1887-1921: Prehistory: The International Union of Catholic Students
“If Catholics were not the first to found an international student union, it seems at least that they were the first to have the idea.” In 1887, Baron George de Montenach of Fribourg, Switzerland, the president of the Swiss Students’ Society proposed the idea at the General Assembly of the Society to create an “International Union of Catholic Students.” On August 23rd, 1887, Montenach’s idea was accepted by the Society and it was approved by Pope Leo XIII. The bishop of the diocese, the future Cardinal Mermillod, led the discussions of the provisional committee. Georges de Montenach was chosen as President of the Union and traveled around Europe to visit with the existing student organizations and to help in the establishing of new ones.
Because of the efforts of Montenach and other leaders, over 7,000 students traveled to Rome in 1891 for a pilgrimage. As part of that event, 1,700 of them attended the assembly of the Union and 300 of them worked on drafting the statutes, with Fribourg as the headquarters. “Unfortunately, political complication soon gave a mortal blow to this young Union. And eventually very little remained of this Congress. Different efforts, notably in 1893, 1900 and 1917, to give life again to the Union, were fruitless.”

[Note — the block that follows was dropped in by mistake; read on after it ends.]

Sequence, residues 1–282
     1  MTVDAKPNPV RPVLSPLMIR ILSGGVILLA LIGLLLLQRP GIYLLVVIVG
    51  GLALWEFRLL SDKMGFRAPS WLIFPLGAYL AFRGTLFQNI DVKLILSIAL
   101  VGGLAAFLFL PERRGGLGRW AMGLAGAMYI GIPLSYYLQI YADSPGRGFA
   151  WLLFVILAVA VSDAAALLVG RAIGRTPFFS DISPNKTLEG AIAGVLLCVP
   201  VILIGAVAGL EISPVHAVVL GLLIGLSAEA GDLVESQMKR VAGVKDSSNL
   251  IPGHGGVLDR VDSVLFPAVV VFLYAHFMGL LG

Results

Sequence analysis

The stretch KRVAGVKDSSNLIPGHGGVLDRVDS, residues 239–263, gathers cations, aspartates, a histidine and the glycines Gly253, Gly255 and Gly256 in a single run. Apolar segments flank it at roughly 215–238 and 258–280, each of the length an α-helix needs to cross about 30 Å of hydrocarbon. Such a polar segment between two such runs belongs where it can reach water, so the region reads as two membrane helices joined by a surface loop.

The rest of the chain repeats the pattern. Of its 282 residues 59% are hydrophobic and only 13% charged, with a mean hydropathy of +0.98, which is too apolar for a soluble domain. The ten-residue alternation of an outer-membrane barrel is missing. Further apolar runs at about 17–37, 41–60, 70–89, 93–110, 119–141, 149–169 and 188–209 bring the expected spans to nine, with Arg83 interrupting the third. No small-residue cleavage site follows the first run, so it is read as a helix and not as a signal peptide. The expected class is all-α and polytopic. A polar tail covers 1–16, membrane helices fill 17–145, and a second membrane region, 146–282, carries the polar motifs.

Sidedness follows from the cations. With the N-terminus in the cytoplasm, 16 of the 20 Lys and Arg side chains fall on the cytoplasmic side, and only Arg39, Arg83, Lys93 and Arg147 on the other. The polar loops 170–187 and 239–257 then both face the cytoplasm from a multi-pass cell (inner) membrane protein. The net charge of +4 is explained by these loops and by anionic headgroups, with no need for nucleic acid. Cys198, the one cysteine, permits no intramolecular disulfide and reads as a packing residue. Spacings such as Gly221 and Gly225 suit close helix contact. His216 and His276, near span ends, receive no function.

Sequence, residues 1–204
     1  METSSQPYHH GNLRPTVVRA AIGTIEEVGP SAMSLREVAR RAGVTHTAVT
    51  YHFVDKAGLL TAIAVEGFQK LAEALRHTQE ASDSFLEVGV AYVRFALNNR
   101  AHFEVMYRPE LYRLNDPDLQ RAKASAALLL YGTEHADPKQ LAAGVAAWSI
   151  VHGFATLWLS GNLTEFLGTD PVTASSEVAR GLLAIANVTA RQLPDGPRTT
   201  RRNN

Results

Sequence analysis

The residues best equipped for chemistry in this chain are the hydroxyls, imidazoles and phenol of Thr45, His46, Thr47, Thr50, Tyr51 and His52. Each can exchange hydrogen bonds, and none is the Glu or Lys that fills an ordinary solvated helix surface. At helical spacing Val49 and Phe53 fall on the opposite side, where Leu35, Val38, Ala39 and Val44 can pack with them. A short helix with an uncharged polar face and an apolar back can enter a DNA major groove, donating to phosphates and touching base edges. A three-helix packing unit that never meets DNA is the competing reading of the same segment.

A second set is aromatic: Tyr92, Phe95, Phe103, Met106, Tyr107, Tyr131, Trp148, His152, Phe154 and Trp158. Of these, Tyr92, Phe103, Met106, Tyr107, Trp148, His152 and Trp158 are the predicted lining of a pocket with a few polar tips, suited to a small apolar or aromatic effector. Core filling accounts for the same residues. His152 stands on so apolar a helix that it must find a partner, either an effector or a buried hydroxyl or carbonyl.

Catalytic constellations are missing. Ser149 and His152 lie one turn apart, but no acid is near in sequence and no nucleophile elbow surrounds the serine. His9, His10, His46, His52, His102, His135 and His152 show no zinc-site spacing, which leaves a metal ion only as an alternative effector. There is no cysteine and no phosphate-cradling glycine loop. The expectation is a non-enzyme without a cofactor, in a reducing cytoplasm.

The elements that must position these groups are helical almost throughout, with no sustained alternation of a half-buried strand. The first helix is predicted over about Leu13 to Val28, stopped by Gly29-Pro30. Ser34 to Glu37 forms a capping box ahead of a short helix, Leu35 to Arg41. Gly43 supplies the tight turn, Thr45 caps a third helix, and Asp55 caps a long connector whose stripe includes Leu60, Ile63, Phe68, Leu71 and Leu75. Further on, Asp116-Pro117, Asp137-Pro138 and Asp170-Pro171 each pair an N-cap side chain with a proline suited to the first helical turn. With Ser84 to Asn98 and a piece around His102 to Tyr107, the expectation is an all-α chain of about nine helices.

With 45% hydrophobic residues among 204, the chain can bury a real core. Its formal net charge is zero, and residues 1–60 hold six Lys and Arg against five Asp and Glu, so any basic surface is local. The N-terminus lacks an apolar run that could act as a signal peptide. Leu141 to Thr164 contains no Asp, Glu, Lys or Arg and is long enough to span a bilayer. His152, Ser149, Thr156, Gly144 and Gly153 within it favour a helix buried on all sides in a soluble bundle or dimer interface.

The Union would play an important role as it was closely linked with what was called the Fribourg Union. The Fribourg Union, made up of lay intellectuals met each October from 1885 to 1891 to study contemporary problems that had emerged with the divisions of classes, the emergence of the industrial worker class and the other social problems emerging in the era of industrialization. Because of this work, the Fribourg Union was charged with the task to be a “think-tank” in helping Pope Leo XIII to draft the historic foundational document of modern Catholic Social Teaching, Rerum Novarum by Pope Leo XII.
Although the International Union of Catholic Students was short lived its vision would continue with the national groups, especially the Swiss Students’ Society, the Federazione Universitaria Cattolica Italiana (FUCI) and the different German student associations.